Convergent News? A Longitudinal Study of Similarity and Dissimilarity in the Domestic and Global Coverage of the Israeli-Palestinian Conflict

Christian Baden*, Keren Tenenboim-Weinblatt

*Corresponding author for this work

Research output: Contribution to journalArticlepeer-review

30 Scopus citations

Abstract

News coverage of the same events is simultaneously driven by homogenizing and heterogenizing influences. In this paper, we assess whether and when conflict news in different media become more similar or dissimilar by analyzing the coverage of the Israeli-Palestinian conflict in 13 leading Israeli, Palestinian, and international media over almost 10 years. We distinguish between drivers of enduring similarity, gradual convergence and temporary (dis-)alignments in the news, and relate them to the detected concept association patterns in over 200,000 news texts. We find a slow, context-dependent convergence trend in the news, and temporary alignments and dis-alignments in interpretation in response to major conflict events. Discussing the underlying, interacting influences, the study highlights implications for investigating current transformations in global journalism.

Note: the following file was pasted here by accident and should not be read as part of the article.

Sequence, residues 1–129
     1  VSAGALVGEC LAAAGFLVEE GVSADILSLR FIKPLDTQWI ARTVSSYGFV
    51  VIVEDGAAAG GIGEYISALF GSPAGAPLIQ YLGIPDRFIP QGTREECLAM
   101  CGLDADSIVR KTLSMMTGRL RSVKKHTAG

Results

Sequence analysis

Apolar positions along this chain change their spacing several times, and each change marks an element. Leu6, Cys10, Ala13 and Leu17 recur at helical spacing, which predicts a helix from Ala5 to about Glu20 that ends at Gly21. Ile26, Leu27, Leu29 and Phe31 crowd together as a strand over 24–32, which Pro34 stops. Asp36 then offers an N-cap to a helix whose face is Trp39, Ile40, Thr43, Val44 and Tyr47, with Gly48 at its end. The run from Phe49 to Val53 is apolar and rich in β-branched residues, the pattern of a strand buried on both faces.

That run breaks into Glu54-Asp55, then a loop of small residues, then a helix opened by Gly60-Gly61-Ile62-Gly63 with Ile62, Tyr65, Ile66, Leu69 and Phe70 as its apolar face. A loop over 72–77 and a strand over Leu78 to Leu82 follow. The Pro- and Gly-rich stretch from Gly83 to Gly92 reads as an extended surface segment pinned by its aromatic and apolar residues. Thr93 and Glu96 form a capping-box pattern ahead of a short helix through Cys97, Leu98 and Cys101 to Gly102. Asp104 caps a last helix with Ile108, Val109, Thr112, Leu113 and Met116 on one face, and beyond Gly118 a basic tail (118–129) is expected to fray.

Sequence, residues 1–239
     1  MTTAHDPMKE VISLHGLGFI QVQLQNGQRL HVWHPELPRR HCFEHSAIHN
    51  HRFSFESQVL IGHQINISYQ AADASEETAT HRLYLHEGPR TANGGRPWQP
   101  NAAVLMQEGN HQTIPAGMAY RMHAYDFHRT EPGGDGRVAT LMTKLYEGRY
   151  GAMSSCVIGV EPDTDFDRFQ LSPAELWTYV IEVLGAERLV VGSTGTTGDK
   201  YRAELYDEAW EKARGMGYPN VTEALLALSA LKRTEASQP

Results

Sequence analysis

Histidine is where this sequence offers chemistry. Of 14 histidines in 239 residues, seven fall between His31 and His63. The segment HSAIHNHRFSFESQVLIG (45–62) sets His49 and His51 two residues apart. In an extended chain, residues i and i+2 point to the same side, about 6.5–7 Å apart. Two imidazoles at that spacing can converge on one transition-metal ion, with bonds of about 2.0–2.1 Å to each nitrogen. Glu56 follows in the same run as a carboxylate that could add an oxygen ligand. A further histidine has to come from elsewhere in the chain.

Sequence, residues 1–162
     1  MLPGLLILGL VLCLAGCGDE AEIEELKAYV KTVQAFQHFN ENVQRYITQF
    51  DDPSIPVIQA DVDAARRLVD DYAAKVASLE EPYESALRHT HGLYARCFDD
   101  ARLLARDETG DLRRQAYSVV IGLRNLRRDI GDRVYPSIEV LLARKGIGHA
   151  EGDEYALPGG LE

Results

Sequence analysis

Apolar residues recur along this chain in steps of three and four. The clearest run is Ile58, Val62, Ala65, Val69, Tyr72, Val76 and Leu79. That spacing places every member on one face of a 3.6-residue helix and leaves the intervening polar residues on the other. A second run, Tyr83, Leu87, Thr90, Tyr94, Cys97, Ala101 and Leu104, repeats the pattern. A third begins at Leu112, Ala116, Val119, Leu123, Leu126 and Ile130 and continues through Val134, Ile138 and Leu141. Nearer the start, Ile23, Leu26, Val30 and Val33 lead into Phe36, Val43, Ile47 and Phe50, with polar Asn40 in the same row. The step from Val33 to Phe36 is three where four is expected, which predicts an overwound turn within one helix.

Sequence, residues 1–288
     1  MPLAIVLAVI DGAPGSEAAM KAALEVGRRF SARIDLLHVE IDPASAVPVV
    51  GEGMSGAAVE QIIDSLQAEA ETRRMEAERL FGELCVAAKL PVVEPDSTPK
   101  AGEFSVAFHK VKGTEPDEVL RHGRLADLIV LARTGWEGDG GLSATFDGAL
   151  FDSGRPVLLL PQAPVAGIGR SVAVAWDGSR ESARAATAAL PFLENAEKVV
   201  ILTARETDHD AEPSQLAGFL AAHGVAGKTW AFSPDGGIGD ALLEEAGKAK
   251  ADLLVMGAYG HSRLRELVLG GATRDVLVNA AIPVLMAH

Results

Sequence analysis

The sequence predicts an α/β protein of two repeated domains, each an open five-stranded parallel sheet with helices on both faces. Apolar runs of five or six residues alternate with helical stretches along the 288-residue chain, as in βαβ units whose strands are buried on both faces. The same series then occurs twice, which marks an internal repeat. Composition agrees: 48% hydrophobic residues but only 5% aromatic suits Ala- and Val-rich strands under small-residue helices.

Original languageAmerican English
Pages (from-to)1-25
Number of pages25
JournalJournal of Communication
Volume67
Issue number1
DOIs
StatePublished - 1 Feb 2017

Bibliographical note

Publisher Copyright:
© 2016 International Communication Association

Keywords

  • Computerized Content Analysis
  • Conflict News
  • Convergence
  • Diversity
  • Longitudinal Analysis

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